WASHINGTON (CN) – The U.S. Fish and Wildlife Agency has withdrawn its 1999 proposal to list the Southwestern Washington/Columbia River Distinct Population Segment of coastal cutthroat trout as a threatened species under the Endangered Species Act.
The change reflects the agency’s original decision in 2002 that the 1999 proposed listing was unwarranted because new data suggested that the population of the trout was much larger than previously thought.
The agency was forced to reconsider part of its decision by the U.S. Court of Appeals for the Ninth Circuit, which ruled in 2008 that while the agency did not err in its determination not to list the entire distinct population segment as threatened, it should have considered whether or not the marine and estuarine parts of the population segment constituted a significant portion of the range of the coastal cutthroat trout within that distinct population segment and should receive separate consideration under the act.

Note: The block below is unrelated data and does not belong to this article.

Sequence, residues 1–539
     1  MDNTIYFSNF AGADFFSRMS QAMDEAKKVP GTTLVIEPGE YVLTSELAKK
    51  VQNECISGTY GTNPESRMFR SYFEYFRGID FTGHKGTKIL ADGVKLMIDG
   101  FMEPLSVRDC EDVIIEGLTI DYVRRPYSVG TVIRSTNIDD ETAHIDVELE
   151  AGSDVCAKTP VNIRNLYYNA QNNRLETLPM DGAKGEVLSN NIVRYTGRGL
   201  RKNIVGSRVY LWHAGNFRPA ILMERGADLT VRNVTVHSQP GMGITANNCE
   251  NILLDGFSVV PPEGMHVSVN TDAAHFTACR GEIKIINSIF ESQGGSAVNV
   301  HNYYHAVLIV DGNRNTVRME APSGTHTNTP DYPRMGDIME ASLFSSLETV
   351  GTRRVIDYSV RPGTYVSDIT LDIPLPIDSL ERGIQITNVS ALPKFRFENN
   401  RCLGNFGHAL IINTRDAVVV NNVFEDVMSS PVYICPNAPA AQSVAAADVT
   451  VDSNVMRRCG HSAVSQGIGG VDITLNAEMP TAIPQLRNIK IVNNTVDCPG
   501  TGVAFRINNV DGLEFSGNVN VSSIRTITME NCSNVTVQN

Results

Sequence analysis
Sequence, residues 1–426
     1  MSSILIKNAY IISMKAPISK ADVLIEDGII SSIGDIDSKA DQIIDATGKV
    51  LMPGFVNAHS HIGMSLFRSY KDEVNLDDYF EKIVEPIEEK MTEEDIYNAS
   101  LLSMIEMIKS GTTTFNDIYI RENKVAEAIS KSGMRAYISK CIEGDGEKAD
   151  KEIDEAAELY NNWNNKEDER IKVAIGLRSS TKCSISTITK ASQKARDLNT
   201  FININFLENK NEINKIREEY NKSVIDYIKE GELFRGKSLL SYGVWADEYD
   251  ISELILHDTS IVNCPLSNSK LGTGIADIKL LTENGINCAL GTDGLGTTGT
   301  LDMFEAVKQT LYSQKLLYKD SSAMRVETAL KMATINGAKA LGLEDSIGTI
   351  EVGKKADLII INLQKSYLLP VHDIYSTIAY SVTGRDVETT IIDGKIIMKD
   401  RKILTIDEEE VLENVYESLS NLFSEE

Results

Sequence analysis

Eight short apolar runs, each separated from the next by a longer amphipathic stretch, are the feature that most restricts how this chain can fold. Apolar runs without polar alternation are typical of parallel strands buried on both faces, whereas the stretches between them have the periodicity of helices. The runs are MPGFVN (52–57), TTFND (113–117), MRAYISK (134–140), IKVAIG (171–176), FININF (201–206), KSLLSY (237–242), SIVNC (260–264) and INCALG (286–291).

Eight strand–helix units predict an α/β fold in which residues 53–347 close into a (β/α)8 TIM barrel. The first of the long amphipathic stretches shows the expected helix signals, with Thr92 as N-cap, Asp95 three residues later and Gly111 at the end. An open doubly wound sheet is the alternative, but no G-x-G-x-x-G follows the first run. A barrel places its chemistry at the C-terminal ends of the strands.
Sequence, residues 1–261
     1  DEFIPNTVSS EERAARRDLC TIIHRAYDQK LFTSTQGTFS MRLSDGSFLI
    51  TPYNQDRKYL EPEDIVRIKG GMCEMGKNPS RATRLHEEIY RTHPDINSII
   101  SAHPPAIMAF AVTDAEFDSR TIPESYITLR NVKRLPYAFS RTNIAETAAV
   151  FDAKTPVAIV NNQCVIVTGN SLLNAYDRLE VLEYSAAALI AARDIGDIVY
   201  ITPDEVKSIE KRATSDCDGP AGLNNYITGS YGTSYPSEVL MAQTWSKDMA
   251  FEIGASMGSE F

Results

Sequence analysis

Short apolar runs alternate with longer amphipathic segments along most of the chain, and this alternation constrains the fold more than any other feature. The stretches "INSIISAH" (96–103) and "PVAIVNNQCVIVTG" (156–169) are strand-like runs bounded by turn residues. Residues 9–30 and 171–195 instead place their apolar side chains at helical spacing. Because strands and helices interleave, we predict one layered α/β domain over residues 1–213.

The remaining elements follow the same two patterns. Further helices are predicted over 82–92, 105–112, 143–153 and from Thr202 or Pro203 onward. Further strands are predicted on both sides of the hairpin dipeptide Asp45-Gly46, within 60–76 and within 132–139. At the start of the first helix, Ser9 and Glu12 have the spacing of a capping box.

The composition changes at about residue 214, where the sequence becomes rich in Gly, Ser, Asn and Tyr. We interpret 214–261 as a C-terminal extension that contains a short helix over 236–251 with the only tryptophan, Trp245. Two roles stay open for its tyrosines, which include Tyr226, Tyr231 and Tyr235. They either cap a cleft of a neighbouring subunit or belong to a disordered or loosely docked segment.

After collecting information specifically on the marine and estuarine range of the population, the agency has determined that there is not a substantial difference between those populations and the rest of the population segment, because the cutthroat trout shows the ability to develop anadromous (salt water living) traits even in rivers where the trout has been isolated from returning populations by dams. Thus, the agency found there is no clear evidence that the marine and estuarine populations (which are anadromous) are in danger of extinction in the foreseeable future.